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A struggling music journalist gets assigned to travel to the tropics to write a story on her ex-- a talented but volatile reggae musician who stepped away from the spotlight to live a reclusive bohemian life in the Caribbean.
It's "Almost Famous" meets Donald Glover's "Guava Island"
Natalie Pryce (35, black) is a struggling single mother who is attempting to balance her flailing music journalism career while raising her 6 year-old son. Once a whimsical award-winning poet, she now spends her days stressed about writing uninspiring articles and keeping up with tuition payments while reeling from the fallout of her recent divorce.
After some prompting from her pot-smoking, reggae-obsessed co-worker Frank (30's), she decides to pitch the idea of writing an article on her ex: the temperamental reggae artist Elijah Wheeler.
Natalie and Elijah went to college together and struck up a romance, but the relationship turned sour when Elijah became famous for "Long Walk Home," a bitter song he wrote about Natalie during an argument.
After some controversial clashes with the media and his record label, the once famous and politically-outspoken dreadlocked rasta Elijah (30's, black) disappeared into the Caribbean and stopped making music at the height of his fame.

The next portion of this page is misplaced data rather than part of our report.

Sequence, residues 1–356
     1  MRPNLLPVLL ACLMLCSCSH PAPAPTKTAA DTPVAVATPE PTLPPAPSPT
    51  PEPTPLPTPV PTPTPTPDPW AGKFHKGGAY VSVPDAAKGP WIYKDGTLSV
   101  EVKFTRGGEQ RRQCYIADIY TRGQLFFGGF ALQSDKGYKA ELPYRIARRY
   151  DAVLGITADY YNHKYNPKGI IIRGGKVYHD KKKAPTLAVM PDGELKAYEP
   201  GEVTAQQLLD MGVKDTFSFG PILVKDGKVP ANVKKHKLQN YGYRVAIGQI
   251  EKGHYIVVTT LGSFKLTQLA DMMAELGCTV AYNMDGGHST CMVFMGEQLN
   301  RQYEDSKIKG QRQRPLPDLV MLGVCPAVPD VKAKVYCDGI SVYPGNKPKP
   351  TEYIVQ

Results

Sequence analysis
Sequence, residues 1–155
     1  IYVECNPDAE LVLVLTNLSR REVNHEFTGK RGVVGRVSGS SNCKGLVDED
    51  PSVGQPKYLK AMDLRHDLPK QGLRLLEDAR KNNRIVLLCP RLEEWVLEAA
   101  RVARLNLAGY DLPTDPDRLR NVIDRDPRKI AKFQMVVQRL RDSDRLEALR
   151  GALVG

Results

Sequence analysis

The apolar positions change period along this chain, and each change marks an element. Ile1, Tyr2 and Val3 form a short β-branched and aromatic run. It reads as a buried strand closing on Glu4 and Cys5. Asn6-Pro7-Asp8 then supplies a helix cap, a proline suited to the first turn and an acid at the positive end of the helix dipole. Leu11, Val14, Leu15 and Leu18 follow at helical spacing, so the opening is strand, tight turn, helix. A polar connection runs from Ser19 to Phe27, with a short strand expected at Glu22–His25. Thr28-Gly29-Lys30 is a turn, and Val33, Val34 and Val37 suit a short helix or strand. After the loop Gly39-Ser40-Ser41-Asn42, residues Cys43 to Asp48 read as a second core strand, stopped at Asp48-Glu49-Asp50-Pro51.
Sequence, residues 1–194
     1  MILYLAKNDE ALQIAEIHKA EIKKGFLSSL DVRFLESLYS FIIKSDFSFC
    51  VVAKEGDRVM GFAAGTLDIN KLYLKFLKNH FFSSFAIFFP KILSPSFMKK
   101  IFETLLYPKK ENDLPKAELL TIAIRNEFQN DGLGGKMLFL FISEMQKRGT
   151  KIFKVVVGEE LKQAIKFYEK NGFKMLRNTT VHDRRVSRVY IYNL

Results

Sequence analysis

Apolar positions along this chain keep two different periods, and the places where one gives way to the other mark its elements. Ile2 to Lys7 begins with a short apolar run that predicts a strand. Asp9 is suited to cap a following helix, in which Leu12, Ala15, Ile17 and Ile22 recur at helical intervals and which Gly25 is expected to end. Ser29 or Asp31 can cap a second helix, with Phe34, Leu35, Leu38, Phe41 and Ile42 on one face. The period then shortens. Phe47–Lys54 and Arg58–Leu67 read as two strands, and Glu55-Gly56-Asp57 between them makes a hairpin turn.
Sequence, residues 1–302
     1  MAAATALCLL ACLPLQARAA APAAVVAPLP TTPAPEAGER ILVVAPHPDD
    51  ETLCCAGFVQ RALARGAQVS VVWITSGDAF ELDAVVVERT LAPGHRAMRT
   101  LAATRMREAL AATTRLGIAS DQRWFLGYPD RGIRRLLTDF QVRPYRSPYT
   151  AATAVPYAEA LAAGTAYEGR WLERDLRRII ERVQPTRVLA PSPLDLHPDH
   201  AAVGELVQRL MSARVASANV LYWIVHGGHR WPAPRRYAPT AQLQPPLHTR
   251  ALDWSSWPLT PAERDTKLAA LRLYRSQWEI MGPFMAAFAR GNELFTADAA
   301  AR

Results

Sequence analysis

Frank has theories that Elijah is living on an island and making music under a fake name somewhere in the tropics. When her editor accepts the story idea, Frank, Natalie and her (stressed and straight-laced) friend Maddie (30's), head off to the islands to find Elijah.
The 3 Americans eventually find Elijah living in an expansive tropical house in the mountains, growing fields of marijuana, making music secretly and enjoying an ideal island life with a group of Rastafari musicians and elders.
When Natalie arrives, the situation explodes into a re-hashing of old romantic wounds and heated disputes about how their relationship ended.
Elijah eventually allows them to stay in his guest rooms as his band puts the finishing touches on a new album. However, he swears the American group to secrecy, forbidding any media exposure about his whereabouts or musical output.
As the dust settles, Natalie and Elijah find their connection reigniting-- romantically and creatively. Slipping into the Rastafari lifestyle, Nat is reinvigorated and begins writing songs again at Elijah's encouragement. He even agrees to allow Natalie to write the article on his disappearance. Meanwhile, uptight and meek Maddie begins to take a liking to the Rastafari culture of the musical group.
The idyllic island paradise is disrupted when Frank, jealous and jaded by Elijah's cold reaction to his attempts at friendship, leaks a video of Elijah performing which brings about a paparazzi storm and rips open old emotional scars surrounding the authenticity of Nat and Elijah's connection.
In this sun-soaked rumination on love, music, fame, isolation and activism, Nat is eventually forced to make choice between moving to the island to live with Elijah or returning to her uninspiring work in Ohio.
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